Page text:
by MATT GALLAGHER, Red Herring
Skyera launched Skyhawk this week, a series of enterprise solid-state storage systems that effectively eliminate the price barrier to solid state storage technology. At $3 per gigabyte, or as low as $1 after compression and deduplication, the technology makes solid state-storage an affordable realistic technology with 30 to 50 times the response time of traditional storage.
The company manages such cost efficiency through a half-depth 1u form factor that powers 44 terabytes of high performance storage with very low latency.
Skyera is the brainchild of CEO Radoslav Danilak and Chief Architect Rod Mullendore, who both helped launch SandForce, which revolutionized the storage industry by offering a flash controller to the market that effectively increase flash memory endurance by 10x. Following SandForce’s acquisition last year by LSI for a cool $400 million, the two went back to the drawing board, figuring 10x is good, but 100x might work even better.
“To launch a new revolution, you can’t have incremental improvements in this technology,” Danilak told Red Herring. “We had to throw everything out and start from scratch.”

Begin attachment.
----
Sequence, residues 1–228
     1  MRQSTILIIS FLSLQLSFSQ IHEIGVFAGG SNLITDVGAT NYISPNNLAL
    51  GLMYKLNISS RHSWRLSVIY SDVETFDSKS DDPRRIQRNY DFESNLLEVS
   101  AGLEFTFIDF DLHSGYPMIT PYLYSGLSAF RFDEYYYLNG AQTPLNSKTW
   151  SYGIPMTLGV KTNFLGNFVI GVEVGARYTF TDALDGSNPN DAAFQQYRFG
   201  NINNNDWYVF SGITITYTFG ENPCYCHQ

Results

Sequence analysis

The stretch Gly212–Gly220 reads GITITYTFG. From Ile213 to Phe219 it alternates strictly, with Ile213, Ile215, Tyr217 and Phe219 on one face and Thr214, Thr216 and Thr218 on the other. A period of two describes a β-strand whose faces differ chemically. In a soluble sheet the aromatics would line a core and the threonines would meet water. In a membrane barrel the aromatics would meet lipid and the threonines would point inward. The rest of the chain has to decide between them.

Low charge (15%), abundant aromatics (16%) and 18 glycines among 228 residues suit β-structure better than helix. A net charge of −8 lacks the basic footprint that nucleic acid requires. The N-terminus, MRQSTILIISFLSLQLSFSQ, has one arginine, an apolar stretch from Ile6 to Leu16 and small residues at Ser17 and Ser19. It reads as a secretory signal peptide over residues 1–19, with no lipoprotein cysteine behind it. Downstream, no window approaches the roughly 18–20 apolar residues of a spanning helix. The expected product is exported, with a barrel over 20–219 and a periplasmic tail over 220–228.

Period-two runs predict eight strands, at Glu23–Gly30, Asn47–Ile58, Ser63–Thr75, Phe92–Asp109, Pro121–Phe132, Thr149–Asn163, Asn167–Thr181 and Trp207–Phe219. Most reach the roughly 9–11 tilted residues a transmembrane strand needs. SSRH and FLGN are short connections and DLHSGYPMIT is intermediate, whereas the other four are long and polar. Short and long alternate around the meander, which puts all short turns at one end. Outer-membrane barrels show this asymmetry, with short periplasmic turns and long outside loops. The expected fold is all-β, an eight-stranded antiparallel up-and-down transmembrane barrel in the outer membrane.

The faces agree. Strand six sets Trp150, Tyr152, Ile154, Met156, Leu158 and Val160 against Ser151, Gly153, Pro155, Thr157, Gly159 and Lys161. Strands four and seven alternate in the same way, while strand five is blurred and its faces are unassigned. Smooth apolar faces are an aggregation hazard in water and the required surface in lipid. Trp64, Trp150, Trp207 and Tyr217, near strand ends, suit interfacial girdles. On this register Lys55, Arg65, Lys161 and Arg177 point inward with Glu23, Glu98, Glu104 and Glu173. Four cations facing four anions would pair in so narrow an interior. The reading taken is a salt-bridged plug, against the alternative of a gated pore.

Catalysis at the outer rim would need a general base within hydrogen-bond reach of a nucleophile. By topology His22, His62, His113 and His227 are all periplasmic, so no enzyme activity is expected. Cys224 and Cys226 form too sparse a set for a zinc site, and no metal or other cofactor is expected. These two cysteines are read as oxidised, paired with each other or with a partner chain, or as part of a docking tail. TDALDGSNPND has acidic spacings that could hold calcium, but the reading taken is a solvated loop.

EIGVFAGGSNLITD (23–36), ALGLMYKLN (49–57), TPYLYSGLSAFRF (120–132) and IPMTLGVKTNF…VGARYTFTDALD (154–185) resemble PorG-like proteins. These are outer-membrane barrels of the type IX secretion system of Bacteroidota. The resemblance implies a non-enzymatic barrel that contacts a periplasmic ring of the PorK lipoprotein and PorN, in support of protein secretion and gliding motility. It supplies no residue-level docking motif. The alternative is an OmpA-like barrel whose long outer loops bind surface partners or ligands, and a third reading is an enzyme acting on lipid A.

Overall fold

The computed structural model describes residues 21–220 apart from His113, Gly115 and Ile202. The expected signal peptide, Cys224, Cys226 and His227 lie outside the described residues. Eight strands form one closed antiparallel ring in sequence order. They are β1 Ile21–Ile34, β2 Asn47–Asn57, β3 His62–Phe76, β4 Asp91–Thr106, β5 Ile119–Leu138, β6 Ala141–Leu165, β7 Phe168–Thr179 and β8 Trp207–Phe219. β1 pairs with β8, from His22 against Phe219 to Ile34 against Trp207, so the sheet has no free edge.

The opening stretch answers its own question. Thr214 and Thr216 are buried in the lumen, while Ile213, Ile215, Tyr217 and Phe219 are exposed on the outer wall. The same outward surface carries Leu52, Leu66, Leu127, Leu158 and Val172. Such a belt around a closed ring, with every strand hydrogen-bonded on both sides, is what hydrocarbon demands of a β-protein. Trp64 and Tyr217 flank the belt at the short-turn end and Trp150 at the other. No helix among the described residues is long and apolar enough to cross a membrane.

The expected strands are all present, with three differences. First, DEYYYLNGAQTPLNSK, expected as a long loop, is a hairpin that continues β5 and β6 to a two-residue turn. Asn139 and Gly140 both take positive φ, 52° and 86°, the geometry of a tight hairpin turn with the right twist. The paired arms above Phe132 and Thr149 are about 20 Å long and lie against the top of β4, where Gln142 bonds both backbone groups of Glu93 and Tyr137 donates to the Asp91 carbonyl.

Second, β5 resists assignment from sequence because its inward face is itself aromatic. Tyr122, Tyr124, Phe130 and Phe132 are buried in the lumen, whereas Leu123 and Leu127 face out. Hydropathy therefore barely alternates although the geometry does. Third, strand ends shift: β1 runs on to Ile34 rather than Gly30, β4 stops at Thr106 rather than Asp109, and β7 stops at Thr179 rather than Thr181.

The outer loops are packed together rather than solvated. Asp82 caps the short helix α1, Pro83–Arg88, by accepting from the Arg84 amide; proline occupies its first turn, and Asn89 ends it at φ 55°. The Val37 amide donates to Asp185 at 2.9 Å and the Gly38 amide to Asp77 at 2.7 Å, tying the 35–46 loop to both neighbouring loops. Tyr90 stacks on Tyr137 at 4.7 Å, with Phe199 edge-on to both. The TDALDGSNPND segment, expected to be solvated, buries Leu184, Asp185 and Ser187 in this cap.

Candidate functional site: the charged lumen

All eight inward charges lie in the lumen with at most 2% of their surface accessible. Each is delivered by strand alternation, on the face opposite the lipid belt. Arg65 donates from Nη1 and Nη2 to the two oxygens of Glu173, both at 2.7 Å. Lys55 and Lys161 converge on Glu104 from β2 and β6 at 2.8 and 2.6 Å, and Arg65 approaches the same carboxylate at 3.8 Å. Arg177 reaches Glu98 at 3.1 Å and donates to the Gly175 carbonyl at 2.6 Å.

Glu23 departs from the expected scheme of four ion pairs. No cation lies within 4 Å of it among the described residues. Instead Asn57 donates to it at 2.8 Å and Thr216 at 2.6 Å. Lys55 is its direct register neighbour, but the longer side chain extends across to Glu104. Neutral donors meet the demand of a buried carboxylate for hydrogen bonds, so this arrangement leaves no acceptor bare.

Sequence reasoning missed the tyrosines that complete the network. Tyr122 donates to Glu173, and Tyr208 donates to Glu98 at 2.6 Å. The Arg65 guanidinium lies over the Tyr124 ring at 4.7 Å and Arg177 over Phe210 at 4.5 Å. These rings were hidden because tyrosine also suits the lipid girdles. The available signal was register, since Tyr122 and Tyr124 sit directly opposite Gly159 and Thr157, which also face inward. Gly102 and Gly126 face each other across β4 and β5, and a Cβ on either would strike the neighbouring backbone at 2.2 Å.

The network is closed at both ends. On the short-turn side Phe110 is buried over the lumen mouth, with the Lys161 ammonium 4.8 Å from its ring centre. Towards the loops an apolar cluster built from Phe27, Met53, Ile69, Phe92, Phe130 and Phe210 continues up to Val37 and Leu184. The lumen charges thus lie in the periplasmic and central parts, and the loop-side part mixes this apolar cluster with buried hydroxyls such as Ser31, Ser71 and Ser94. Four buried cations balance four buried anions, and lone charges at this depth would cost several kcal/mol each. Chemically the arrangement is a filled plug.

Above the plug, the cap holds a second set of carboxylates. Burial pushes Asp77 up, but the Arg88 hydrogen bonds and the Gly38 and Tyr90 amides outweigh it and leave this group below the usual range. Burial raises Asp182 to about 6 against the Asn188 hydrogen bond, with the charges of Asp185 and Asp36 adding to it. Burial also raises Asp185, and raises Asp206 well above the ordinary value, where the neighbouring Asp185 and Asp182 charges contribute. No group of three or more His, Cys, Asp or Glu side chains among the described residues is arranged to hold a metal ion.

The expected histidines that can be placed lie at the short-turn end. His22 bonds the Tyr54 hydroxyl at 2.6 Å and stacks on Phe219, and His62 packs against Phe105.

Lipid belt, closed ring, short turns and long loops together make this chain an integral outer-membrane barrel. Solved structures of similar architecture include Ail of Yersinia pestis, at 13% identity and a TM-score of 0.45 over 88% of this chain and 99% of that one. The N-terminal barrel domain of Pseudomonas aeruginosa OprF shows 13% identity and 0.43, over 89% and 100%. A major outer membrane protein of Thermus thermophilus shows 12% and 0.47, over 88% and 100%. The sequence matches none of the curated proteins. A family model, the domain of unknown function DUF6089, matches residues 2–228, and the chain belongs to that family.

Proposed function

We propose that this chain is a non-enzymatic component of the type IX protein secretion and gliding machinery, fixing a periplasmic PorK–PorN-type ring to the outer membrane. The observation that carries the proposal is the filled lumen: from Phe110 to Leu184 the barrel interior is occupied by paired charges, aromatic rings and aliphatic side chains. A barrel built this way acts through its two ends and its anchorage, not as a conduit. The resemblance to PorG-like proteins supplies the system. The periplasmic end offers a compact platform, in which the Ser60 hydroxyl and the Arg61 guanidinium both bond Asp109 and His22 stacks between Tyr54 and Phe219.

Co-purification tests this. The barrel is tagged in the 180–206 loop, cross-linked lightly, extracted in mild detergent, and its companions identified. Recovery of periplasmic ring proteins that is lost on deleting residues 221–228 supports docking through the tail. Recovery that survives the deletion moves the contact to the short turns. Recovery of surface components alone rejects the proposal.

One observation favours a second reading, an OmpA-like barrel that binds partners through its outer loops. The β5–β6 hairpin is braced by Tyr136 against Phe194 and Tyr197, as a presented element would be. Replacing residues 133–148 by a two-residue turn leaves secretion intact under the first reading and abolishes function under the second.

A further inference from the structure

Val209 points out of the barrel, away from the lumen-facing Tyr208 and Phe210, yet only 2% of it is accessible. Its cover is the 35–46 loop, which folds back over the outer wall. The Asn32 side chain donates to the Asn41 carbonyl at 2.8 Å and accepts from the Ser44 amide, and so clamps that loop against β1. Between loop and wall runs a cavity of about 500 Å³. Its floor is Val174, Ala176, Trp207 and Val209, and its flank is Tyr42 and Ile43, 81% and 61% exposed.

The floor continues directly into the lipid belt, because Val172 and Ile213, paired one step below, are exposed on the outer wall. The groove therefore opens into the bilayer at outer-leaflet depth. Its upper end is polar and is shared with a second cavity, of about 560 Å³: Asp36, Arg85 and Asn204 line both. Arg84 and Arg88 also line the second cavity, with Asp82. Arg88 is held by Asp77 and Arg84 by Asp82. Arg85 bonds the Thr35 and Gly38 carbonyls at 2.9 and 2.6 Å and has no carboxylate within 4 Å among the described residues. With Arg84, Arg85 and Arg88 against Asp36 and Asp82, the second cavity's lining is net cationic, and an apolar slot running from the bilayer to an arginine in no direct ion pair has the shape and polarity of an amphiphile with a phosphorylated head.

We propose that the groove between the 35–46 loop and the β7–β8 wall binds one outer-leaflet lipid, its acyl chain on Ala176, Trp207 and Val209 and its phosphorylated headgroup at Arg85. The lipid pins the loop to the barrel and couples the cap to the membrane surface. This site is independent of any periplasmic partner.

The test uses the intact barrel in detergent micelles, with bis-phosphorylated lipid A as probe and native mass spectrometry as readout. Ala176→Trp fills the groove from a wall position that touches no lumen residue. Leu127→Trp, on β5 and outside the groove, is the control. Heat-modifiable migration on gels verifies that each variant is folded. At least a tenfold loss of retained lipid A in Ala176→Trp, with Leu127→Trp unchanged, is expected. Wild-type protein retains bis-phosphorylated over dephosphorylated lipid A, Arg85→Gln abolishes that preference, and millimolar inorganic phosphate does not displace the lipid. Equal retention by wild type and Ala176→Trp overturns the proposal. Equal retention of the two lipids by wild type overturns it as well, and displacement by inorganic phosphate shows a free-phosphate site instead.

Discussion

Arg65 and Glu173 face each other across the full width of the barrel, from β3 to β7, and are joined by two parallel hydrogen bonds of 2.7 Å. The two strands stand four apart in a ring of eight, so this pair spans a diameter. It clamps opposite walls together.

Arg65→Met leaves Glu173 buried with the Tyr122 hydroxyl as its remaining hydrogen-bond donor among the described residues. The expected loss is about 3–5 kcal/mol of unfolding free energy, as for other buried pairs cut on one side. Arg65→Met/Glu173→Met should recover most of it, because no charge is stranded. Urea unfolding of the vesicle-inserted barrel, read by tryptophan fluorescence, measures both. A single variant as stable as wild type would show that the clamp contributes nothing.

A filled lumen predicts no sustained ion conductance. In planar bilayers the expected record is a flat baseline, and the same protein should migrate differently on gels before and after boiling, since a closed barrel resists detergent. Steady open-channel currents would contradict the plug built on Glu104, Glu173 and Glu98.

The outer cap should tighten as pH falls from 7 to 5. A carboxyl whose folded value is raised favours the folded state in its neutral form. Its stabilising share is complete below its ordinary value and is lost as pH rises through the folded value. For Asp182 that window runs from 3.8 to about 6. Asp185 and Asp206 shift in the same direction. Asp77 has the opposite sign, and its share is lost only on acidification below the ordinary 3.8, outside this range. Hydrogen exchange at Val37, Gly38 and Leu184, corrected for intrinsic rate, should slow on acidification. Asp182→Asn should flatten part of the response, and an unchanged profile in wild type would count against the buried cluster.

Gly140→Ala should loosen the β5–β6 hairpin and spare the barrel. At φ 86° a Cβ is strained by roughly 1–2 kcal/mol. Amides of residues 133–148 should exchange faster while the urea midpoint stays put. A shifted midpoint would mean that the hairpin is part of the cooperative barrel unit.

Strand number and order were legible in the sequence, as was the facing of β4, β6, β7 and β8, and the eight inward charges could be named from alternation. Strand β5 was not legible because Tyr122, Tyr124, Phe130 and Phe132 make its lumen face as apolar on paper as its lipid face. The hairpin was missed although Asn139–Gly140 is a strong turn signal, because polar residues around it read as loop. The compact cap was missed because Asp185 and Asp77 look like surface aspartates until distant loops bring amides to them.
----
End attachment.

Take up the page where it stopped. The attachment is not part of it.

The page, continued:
The speed was achieved by designing and integrating all components in the technology stack, including the flash controller, RAID controller, storage blades, communication bus and network interface.
“Our system-aware RAID controller provides the reliability of RAID-6 with a third fewer writes to the flash memory,” said Tony Barbagallo, Skyera’s VP of Marketing. “This is just one of several technology advancements that contribute to the 100 times life amplification.”
Comparatively, SLC based systems cost $20 to 25 per native GB and allow 200 to 300 thousand writes, eMLC costs $7 to 9 per native GB and allows 20 to 30 thousand writes, while typical cMLC costs $3 per native GB but allows only 2 to 3 thousand writes. Skyera’s approach allows cMLC flash storage at 100 times the life expectancy, enabling the low cost $3 per native GB but with up to 300,000 writes over a five year time period.
With those kind of metrics, “it’s open season for us,” Danilak said. “The entire $20 billion storage system market is completely up for grabs.”
Plenty of naysayers have told Danilak this approach is completely replicable by competitors. Let them come, he said. He has the talent to take them on. On top of the technology, Skyera also boasts a solid team with deep innovative history in the science of solid-state storage. Skyera’s COO Frankie Roohparvar formerly served as head of development for Micron and has more than 425 granted patents in Flash. Ken Takeuchi, who developed the world’s first multi-level cell NAND flash memory in 2001, sits as an adviser to the board.
The company has $6.35 of seed investment from an undisclosed investor, and is working on raising a Series A.
The Skyhawk technology was first available through an early access program in the third quarter of this year. The company plans to hit the market in the first quarter of 2013.
The company will demonstrate the new technology at the Flash Memory Summit this Aug. 21 to 23 in Santa Clara, Ca.